Dr. Marc Mora is chief medical officer at Group Health. He received his Doctor of Medicine (M.D.) degree from the University of California – San Francisco School of Medicine. For more information about what the different types of Medicare plans do and don’t include, visit www.medicare.ghc.org/understanding-medicare.page.
InterConnection has been focused on providing access to technology to underserved communities for over 15 years. Your donation will help low income families and charities around the world gain access to technology.
It’s free, easy, and safe. Here are a few other good reasons to donate:
Donating Computers Helps the Greater Good
Your donation helps others get connected. Each week at least twenty low income families and 40 charities receive refurbished computers from InterConnection.
The Environment will Thank You
Electronics reuse is more earth-friendly than recycling. In fact, reusing computers is 20 times more energy efficient than recycling.
It’s Safe and Secure
All data is destroyed with industry leading software and hard drives are crushed. Devicesthat cannot be reused are sent to certified recyclers.
It’s Tax Deductible
By donating to InterConnection, a 501c-3 nonprofit, you can add it to your annual giving reports.
Make a difference this holiday season by helping someone in our community get connected.
Donating is simple. InterConnection offers 3 different ways you can donate.
Here’s How to Donate:
Mail it in: InterConnection will give you a pre-paid USPS shipping label. Just put your device(s) in a box, attach the label, and mail it. Get the label here.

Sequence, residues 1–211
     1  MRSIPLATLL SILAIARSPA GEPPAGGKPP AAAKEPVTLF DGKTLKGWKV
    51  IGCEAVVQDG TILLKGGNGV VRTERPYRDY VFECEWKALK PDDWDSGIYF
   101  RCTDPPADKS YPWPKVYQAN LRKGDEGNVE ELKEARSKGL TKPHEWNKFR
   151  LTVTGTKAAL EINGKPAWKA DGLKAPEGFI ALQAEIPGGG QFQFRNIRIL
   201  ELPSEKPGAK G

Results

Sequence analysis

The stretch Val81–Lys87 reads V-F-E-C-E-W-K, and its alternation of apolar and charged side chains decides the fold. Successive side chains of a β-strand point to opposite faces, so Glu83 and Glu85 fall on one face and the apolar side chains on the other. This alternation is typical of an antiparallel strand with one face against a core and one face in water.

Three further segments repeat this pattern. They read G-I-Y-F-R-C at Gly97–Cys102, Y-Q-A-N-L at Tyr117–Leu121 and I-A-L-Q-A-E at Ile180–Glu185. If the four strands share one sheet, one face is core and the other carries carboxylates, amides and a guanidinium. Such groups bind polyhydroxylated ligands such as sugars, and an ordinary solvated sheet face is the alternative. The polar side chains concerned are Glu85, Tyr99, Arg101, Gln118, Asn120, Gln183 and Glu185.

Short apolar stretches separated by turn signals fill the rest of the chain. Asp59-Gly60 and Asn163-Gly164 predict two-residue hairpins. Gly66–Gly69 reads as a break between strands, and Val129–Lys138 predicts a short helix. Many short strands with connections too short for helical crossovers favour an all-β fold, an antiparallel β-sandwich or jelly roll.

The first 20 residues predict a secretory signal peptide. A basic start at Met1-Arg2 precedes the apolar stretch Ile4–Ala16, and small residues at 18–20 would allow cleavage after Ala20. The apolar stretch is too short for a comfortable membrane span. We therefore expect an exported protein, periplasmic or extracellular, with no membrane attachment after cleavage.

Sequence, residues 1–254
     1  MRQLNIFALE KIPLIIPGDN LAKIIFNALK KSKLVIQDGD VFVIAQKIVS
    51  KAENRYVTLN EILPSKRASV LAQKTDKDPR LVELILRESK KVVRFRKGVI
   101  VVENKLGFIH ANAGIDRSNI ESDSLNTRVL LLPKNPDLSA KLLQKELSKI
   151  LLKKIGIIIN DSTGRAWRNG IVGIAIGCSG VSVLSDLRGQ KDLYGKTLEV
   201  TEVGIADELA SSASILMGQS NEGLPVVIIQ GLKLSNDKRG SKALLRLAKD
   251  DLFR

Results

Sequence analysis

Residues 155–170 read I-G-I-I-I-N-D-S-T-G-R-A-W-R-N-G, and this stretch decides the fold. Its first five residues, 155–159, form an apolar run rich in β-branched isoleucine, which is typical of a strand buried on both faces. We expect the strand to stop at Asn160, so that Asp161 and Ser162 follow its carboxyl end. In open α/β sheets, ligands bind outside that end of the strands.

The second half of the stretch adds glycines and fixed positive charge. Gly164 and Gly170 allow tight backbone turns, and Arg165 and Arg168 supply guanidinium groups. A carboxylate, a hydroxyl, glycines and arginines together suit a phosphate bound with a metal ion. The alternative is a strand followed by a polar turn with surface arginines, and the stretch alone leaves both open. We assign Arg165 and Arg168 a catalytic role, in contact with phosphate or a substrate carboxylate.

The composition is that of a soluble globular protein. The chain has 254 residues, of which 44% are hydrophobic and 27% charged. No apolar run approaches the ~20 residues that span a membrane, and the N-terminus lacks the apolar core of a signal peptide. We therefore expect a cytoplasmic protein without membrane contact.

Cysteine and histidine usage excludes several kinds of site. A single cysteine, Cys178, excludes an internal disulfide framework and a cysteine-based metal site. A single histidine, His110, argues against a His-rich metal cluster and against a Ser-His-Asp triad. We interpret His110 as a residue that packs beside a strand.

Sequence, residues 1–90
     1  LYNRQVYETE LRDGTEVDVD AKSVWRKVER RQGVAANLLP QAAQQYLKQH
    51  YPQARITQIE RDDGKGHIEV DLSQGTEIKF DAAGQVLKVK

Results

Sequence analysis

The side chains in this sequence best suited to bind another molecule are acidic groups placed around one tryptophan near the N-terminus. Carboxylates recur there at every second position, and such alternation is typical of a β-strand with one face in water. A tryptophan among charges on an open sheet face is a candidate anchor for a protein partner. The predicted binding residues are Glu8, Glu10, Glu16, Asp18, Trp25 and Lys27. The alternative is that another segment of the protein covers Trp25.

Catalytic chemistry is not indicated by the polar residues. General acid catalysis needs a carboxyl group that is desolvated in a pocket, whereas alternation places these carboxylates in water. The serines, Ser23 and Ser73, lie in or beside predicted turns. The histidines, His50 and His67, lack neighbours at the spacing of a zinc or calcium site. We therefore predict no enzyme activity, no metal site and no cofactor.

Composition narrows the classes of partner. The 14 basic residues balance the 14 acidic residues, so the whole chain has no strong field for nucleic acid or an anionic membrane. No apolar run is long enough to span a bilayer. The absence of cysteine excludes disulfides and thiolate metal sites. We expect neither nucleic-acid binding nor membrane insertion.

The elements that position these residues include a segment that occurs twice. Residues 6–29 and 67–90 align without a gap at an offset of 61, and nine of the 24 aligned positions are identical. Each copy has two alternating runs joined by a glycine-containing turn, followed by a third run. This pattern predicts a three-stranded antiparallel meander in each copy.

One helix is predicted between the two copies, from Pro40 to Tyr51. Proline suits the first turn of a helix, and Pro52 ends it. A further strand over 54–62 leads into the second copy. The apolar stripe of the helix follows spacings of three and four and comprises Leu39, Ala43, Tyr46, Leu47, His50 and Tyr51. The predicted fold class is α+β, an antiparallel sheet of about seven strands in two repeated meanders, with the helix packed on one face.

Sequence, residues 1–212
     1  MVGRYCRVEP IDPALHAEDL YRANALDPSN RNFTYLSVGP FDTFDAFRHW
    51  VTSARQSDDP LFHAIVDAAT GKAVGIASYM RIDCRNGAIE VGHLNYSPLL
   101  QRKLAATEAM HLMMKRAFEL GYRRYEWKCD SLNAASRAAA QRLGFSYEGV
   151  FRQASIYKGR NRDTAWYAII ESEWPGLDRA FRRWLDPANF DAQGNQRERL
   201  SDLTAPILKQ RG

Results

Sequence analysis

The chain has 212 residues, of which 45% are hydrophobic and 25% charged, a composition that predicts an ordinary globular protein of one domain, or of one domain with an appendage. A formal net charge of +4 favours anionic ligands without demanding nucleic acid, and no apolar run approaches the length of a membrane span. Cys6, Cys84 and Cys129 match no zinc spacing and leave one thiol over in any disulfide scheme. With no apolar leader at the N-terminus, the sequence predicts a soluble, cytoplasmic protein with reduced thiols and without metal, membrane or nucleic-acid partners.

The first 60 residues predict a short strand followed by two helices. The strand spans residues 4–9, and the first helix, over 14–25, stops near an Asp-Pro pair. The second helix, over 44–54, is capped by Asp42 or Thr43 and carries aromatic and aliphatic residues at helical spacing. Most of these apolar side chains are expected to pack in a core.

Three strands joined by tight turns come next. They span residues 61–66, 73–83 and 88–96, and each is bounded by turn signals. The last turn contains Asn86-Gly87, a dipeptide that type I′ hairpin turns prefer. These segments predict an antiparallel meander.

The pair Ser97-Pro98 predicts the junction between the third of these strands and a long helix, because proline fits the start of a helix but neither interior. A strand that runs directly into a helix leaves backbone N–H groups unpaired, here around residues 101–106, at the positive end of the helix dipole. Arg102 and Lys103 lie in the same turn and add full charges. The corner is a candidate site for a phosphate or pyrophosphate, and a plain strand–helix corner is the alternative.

Drop it off: InterConnection has over 30 convenient drop-off locations around the Puget Sound area. Find a Drop-Off Location
Schedule a Business Pick-up: Businesses with five or more computers can schedule a free pickup from InterConnection by calling (206) 633-1517
Learn more about InterConnection on their website.
Saturday, Dec. 5
It may be cold outside, but things are heating up inside at North Seattle Baseball! Come learn about the north end’s premier youth baseball league at their Open House.
It’s your chance to:
This event is open to all – new and returning families – or just those who wish to check out the area’s only indoor batting cage facility!
North Seattle Batting Cages (home of NSB) – 12550 27th Ave NE, (next to Slate Crossfit)
More information can be found on the NSB website.
By: Tyler Maroney, Traffic Safety Store
If you are like most homeowners in Wedgwood or View Ridge, you probably use your garage as a prime storage area. Your bicycle, your children’s sporting equipment, and that television you “plan on fixing,” all seem to wind up there. As winter approaches, however, you may find yourself storing more items for longer lengths of time. This can really add up, creating hazards for you and your family that are easily overlooked.
These simple tips can minimize dangerous clutter, keeping you and your family safe. For a full checklist, see this guide to Accident Proof your Garage.
For more tips on making your home safe, visit the Traffic Safety Store website.
Northwest Chorale is a group of civic minded individuals who enjoy gathering to rehearse and perform great works of music. Come see them perform December 5th at University Christian Church, 4731 15th Ave NE, Seattle.
There is no admission charge but 100% of your donation dollars goes to Northwest Harvest. Visit their website for more information.